It is important to consider certain factors when applying for disability benefits to avoid wasting time and resources that could have been geared towards spending time with family and acquiring health services.
Social Security Administration would often determine if you are engaging in any Substantial Gainful Activity SGA, a term used to describe the work activity and earnings, before deciding whether or not you are eligible for disability benefits. According to the SSA, work does not have to be fulltime to be considered substantial because it is dependent on monthly earnings. A person engages in SGA if he/she makes monthly earnings of $1070 or more. If you are not within the financial requirement, your application will be denied. You may only proceed to the next step if you are making less than this amount.
Social Security would often determine if you have a severe impairment or a combination of impairments before qualifying you for disability benefits. The SSA considers a condition severe if it significantly imposes functional limitations on an individual’s abilities (physical and mental) abilities to do work. Also, the impairments must have lasted or must be expected to last for at least a year, or be terminal. If your condition does not particularly satisfy the conditions above, you will not be found disabled and would automatically be denied disability benefits.
Another condition you must bear in mind when applying for disability benefits is the list of disabilities recognized by Social Security. Unfortunately, not all disabilities qualify an individual for benefits. The SSA uses two lists (Compassionate Allowances or Quick Disability Determinations list) to expedite disability process of applicants by automatically determining any conditions listed therein as a disability. If your condition is not included in any of the lists, you may still qualify for disability as explained in step 4.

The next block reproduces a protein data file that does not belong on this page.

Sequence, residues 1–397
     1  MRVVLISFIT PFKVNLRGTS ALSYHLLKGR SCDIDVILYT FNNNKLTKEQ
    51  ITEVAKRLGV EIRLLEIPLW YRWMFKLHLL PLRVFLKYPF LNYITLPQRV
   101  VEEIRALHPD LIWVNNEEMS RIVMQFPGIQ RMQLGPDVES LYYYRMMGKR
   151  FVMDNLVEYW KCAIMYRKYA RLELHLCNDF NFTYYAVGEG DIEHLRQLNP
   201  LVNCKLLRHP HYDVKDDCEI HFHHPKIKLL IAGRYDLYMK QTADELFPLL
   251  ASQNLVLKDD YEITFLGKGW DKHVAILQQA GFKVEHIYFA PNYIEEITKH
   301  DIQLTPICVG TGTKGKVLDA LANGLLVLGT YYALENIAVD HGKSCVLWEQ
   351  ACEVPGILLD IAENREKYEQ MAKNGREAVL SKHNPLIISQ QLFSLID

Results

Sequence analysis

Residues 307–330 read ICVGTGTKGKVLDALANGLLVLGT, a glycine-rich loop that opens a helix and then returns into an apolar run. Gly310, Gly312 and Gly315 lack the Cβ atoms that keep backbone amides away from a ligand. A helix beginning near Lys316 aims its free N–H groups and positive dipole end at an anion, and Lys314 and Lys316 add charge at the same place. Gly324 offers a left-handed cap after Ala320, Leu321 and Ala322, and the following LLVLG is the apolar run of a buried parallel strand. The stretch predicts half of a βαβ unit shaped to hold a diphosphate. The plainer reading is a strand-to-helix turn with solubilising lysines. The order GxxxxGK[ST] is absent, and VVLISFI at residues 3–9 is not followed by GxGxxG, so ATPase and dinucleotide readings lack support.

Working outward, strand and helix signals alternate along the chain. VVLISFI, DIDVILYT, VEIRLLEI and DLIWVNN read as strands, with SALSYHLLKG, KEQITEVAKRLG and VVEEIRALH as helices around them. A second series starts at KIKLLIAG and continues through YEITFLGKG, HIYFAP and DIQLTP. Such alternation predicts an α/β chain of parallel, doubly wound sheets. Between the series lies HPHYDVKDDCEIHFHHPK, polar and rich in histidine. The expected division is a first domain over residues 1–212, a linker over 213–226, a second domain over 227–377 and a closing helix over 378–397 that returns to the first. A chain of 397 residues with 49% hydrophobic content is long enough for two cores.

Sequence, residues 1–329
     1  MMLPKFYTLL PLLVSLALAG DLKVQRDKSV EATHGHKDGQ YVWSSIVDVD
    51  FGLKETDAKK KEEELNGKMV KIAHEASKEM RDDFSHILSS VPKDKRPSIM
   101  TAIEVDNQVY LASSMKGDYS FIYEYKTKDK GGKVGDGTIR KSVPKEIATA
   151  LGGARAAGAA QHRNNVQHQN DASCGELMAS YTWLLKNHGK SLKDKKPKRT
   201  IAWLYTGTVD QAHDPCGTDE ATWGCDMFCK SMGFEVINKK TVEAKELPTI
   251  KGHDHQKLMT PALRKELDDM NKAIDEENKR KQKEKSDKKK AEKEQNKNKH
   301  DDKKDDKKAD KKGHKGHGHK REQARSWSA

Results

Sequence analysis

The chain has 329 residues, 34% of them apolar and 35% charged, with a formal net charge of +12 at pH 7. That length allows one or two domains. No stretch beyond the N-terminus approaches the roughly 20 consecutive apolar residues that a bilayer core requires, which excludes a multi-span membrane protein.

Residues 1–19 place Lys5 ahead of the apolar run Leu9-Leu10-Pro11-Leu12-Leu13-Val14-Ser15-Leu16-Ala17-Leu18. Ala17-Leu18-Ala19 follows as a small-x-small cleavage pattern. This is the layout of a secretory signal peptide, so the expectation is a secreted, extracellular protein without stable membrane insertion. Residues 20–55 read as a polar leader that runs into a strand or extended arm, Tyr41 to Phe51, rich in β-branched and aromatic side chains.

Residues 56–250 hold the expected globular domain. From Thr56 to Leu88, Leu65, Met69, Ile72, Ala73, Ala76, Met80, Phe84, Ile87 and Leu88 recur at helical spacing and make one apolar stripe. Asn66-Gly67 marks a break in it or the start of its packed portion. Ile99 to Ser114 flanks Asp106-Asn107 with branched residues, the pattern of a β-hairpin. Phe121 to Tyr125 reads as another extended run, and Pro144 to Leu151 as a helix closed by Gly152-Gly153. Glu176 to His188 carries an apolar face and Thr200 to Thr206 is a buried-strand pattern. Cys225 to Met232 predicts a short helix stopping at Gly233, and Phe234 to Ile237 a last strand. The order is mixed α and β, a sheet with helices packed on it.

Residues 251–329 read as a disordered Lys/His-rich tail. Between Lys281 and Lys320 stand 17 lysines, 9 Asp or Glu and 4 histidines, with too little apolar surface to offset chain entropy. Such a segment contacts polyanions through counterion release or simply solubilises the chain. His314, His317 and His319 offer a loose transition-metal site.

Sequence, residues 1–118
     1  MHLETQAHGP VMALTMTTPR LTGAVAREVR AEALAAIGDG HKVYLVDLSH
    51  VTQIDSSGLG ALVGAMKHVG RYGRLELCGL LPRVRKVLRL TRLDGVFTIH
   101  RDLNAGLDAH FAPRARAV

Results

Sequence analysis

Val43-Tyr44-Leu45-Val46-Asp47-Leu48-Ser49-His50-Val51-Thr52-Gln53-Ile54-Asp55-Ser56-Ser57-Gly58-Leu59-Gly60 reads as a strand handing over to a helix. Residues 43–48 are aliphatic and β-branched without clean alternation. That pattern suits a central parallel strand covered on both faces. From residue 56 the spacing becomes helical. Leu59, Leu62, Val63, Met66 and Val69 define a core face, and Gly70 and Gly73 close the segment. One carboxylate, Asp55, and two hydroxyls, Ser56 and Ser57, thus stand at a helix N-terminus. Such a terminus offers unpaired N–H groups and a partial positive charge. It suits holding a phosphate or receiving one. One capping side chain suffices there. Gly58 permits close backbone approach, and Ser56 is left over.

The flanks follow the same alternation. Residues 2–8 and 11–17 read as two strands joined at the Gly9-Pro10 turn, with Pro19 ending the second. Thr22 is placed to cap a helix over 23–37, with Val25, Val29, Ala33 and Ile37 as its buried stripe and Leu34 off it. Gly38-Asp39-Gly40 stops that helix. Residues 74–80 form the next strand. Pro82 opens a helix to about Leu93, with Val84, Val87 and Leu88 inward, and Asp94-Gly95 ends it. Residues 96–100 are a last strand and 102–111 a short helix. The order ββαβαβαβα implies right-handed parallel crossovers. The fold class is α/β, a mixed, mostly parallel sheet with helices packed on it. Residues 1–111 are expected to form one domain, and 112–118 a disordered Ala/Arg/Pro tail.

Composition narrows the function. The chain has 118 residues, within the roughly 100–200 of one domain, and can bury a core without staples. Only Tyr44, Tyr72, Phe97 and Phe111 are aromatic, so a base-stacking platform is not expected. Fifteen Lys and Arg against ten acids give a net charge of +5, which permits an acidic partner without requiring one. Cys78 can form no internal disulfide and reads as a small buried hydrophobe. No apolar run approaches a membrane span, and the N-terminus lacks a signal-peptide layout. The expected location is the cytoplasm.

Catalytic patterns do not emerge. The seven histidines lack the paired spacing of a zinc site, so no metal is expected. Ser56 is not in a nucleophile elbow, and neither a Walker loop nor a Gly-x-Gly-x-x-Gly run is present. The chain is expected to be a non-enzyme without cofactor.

If your condition is not listed by the SSA, you may still qualify for disability benefits provided your condition is severe such that it prevents you from engaging in your previous work. The SSA will examine your impairment to determine your remaining ability to do work-related activities (Residual Functional Capacity). Factors they consider often includes your response to physical exertion, ability to understand and carry out instructions and your ability to tolerate environmental conditions. If your condition prevents you from carrying out your work-related activities, you may qualify for disability benefits; however, if it does not impose any limitations on your ability to work, the SSA will disqualify you and your claim will be denied.
Finally, the SSA will evaluate your educational background, past work experience, and age (among other factors) to determine if you possess the ability to do any other types of work. If your condition prevents you from doing any kind of work, your claim will be approved. Conversely, in the event that you possess the ability to do any type of work, you will not qualify for benefits.
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